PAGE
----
Nothing About Godzilla is on at The Chinese Museum until April 21
By Colin Flaherty
Aaron Chen has been getting a bit of buzz around the festival this year. So much so that he put on extra shows in a bigger room at the Greek Centre. It was a good thing – a sold out early show on a Saturday could bear witness to the awesomeness of Chen and have a great time.
Beefcake portraits of Chen graced the stage and bombastic music played as we entered. The sheen of this impressive display wore off upon discovering the identity of the artist responsible for the art and when he began this rather low energy performance.
The show had the overall theme of success, fame and problems that come with it ,although his random selection of observational jokes didn’t seem to fit. The highlight was his serialised story “Crazy Rich Aaron” which hilariously chronicled the rise, fall and rise again of a billionaire called Aaron.
The delivery was a rambling affair that resembled a rookie open-micer so closely that it betrayed his years of experience. He went off on various asides and included plenty of slightly awkward audience banter. A number of jokes missed the bullseye but he regularly got big laughs while reflecting on their failure. He made humorous threats to us as if gaps in our knowledge were hampering, nay ruining, his show. I must say he is more than willing to go all in for a rather lame joke as demonstrated by a slightly uncomfortable visual gag.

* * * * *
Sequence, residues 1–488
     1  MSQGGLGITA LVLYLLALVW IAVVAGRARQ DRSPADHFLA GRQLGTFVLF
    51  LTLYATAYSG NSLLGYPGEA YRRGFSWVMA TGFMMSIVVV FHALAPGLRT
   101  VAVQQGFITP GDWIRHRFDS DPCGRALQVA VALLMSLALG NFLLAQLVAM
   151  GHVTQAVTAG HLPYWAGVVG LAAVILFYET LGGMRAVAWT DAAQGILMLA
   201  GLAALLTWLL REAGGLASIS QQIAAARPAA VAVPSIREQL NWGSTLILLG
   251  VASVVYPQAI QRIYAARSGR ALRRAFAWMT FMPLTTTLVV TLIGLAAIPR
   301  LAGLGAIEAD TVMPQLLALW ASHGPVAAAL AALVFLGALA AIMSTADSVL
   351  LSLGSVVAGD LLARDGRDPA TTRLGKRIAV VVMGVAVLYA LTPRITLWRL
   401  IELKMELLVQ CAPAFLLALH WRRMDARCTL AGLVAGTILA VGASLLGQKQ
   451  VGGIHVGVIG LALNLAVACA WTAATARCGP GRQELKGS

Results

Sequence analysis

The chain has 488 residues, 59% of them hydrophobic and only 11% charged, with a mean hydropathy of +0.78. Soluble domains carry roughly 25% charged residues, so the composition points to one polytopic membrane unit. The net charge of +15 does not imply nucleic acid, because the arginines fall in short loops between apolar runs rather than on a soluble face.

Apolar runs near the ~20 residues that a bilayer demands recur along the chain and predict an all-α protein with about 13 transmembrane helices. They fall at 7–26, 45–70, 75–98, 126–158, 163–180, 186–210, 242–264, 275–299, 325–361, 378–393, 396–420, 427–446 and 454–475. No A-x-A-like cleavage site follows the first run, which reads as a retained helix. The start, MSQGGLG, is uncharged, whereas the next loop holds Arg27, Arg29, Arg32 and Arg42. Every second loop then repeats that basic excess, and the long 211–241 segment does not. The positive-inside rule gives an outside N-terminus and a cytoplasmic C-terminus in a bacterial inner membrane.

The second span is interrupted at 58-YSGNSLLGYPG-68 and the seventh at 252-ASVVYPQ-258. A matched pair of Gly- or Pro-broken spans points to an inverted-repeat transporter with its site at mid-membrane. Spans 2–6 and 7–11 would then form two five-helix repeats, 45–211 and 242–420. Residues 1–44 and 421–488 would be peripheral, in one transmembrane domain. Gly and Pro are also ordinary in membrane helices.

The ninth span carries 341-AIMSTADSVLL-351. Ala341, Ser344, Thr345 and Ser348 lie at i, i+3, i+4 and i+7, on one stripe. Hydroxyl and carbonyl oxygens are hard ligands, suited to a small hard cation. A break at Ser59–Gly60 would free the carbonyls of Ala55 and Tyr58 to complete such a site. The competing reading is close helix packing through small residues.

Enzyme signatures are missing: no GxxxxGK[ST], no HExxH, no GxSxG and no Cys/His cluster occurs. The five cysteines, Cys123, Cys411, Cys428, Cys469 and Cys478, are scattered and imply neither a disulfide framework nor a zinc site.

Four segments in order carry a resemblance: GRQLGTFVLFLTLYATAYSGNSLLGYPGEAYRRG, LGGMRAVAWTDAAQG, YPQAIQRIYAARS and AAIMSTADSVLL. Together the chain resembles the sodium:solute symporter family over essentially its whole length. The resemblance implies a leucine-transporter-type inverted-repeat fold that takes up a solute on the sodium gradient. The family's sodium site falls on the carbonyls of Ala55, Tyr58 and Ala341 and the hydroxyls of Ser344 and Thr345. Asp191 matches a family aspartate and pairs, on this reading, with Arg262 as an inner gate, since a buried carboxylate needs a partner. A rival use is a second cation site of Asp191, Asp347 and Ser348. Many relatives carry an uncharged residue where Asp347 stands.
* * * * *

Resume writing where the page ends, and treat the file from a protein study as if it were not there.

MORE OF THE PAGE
On the surface this seemed like a potential car crash but clever lines emerged, his epic tale called back most of his previous jokes and he carried out his threats, proving that everything was carefully planned from the start. Even the crowd work was woven seamlessly into the overall narrative. Aaron certainly played us all.
Aaron Chen has a brilliant stage persona that is one of a kind. A strange mix of uber bravado and lovable loser, he is a beautiful contradiction. He presented a chatty hour of comedy with enough twists to reveal the comedic mastermind underneath the fragile shell.